Elizabeth Radcliffe’s Statement
Inspired especially by the patterns of nature and the textures and fall of clothing about the human body, I have developed the classical techniques of hand weaving in some new and original ways. These allow me, for example, to weave life-size two-dimensional portraits and groups with complex outlines, and to create ‘trompe l’oeil’ three-dimensional effects in two dimensions.
I have recently become fascinated by the eyes of animals, viewed in close-up as if through a letterbox. Some are wild animals such as tigers, leopards and wolves taken from photographs, while others are the cats of friends. Another series of tapestries consists of small-sized woven sculptures in the form of knots, which create interesting shadows.
Elizabeth Radcliffe’s Biography
My first experience of tapestry weaving was in an evening class soon after I left school, and a lifelong love was born. A little later I took a job (as a screen printer) at the Dovecot Studio in Edinburgh, Scotland and was able to observe professional weavers at their work. I then studied for three years at Edinburgh College of Art and chose weaving as my final-year specialty. In 1980 I was invited by the Victoria Tapestry Workshop in Melbourne, Australia to assist them in completing a large-scale tapestry for the High Court in Canberra.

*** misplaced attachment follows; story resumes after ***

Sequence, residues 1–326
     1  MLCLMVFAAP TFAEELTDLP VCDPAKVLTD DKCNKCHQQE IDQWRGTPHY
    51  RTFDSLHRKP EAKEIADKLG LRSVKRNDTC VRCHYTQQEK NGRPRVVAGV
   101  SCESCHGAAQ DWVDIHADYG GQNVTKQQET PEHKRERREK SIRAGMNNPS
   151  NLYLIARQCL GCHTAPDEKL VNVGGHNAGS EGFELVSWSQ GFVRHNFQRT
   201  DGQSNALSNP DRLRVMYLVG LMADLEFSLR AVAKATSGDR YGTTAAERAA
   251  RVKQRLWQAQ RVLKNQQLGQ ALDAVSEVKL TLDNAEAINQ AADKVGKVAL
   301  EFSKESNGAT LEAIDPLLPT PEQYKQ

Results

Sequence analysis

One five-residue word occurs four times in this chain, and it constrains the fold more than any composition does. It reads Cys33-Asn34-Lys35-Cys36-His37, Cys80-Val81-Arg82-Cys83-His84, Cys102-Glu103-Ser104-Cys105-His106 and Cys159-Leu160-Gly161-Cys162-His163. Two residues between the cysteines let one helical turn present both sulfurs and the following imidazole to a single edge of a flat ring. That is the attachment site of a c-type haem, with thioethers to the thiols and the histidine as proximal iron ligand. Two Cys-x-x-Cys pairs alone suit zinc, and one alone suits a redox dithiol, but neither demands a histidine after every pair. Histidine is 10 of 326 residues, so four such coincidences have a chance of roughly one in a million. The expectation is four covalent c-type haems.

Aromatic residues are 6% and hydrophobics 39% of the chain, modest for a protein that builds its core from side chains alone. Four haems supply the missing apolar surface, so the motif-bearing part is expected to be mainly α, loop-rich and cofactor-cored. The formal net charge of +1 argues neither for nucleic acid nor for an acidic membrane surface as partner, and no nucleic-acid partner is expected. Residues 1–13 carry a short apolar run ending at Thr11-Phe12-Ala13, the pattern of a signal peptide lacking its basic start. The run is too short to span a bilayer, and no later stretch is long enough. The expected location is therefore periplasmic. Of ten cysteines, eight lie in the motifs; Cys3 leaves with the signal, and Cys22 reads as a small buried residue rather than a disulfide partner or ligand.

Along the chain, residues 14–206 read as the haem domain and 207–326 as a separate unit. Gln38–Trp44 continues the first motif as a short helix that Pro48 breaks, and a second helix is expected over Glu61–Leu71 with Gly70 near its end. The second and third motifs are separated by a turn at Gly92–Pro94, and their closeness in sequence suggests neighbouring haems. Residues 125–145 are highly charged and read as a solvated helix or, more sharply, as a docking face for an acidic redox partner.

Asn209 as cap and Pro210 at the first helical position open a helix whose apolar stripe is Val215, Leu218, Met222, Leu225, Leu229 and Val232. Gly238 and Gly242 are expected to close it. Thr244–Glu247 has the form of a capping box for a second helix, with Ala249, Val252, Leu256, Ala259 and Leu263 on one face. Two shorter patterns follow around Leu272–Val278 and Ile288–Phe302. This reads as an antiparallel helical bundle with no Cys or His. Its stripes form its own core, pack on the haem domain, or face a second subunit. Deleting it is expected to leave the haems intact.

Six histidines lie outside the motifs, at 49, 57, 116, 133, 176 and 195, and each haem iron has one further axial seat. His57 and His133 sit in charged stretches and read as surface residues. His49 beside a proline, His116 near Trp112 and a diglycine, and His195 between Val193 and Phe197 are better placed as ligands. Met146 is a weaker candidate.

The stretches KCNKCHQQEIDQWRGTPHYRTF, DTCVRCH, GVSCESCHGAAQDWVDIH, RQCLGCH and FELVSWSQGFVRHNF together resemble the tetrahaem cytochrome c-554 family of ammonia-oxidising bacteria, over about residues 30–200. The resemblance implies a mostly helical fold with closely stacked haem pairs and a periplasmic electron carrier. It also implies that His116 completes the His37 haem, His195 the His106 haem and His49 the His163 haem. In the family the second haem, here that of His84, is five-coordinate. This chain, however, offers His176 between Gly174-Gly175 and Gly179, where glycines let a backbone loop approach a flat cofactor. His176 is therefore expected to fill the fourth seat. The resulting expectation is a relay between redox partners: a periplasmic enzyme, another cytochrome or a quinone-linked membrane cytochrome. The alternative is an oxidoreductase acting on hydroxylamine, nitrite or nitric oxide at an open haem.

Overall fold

For the next twenty years while bringing up my children I worked as an art teacher at James Gillespie’s High School in Edinburgh, which allowed very limited time for weaving. But since retiring from teaching I have been able to devote myself to weaving full-time and have taken part in seven exhibitions in the last few years.